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Easy Gravel Rides in Gunnison

If you’re just getting into gravel biking, you might be looking for some easy gravel rides in Gunnison and Crested Butte. Gravel biking is gaining popularity all over Colorado, and Gunnison has thousands of miles of bikeable gravel roads. Gravel riding can be an alternative to mountain biking and road biking. It still allows you to get outside and be in more remote places, but tends to be more mellow than other kinds of biking. There are 1,169 miles of gravel Forest Service roads in Gunnison County. Other public lands offer even more options. Gravel riding is also accessible because you don’t need a gravel bike to do it. You can ride gravel on mountain bikes and road bikes as well. Along with these easy gravel rides, there are a number of intermediate and advanced gravel rides in Gunnison and Crested Butte as well.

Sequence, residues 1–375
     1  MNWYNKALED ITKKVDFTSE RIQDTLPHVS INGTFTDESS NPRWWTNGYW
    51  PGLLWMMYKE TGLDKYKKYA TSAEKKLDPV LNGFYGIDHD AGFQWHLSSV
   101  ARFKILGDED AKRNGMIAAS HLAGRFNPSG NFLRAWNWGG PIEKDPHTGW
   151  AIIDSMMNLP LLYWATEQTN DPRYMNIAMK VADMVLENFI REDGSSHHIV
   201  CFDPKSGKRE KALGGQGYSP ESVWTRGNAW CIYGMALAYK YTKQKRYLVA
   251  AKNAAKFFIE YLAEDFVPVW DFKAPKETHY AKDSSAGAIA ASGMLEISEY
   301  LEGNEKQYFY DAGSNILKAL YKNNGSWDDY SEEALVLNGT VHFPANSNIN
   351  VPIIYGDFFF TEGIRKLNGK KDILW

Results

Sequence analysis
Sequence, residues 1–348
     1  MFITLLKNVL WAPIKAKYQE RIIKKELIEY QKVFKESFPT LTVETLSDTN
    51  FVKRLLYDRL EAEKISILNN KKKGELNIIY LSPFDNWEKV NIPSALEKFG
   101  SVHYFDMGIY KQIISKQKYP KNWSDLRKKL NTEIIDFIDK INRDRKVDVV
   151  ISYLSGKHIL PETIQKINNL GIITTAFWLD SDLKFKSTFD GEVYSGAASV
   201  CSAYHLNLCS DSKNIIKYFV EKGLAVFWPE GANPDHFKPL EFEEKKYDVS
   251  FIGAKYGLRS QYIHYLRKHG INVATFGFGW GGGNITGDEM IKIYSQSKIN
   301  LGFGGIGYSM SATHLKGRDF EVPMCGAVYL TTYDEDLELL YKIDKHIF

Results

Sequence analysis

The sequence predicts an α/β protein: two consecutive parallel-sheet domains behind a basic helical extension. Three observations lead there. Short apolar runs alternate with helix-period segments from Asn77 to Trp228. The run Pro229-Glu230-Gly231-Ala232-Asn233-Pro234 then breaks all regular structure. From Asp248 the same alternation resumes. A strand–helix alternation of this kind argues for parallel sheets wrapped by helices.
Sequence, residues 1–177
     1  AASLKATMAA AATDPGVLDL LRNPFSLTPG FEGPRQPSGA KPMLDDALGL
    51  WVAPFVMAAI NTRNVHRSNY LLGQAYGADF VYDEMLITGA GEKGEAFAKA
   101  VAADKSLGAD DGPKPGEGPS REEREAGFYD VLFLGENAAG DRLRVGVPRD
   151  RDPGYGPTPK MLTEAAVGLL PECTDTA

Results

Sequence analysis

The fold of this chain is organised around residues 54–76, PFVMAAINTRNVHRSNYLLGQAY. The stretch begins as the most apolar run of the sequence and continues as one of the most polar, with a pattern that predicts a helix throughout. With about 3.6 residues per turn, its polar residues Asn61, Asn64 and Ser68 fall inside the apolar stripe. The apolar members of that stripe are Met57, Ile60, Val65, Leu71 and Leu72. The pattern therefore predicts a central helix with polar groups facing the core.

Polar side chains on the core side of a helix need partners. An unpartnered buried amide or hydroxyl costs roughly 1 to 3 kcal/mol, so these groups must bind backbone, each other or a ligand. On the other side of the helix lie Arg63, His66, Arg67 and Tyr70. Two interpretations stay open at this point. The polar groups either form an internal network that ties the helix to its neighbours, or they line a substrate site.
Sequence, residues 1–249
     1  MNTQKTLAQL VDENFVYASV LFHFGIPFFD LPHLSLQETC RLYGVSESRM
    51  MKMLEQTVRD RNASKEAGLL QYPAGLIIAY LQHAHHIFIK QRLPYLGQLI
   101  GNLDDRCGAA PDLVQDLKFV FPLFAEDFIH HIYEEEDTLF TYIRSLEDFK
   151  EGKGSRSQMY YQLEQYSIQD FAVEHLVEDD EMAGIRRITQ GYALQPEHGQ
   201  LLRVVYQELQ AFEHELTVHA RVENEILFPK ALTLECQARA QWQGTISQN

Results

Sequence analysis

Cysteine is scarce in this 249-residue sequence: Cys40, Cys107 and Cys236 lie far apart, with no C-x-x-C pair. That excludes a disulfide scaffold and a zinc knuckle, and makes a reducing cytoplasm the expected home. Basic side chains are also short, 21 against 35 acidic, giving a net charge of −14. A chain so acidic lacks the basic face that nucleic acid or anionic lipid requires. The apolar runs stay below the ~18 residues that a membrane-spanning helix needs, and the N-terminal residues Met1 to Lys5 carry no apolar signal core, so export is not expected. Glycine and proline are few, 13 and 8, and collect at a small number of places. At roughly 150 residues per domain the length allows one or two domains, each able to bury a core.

Gravel Riding at Hartman Rocks

Hartman Rocks is a multi-use Bureau of Land Management recreation area located outside of Gunnison. This alpine desert is characterized by fields of sagebrush and uniquely shaped rock formations. The trails range from rocky and technical to flowy gravel paths. Hartmans is a big mountain biking spot, but is also used for hiking, horseback riding, rock climbing, e-biking, off-roading and gravel biking. Hartmans has 50+ miles of singletrack, but there are also hundreds of miles of gravel roads open to biking. You could ride one of the roads or check out one of these trails to explore Hartman Rocks.

Three cyclists ride a curving gravel road through a field of green sage brush around a large rock formation

What are easy gravel rides at Hartman Rocks?

Sea of Sage to Luge

Distance: 2.6 miles

Difficulty: Easy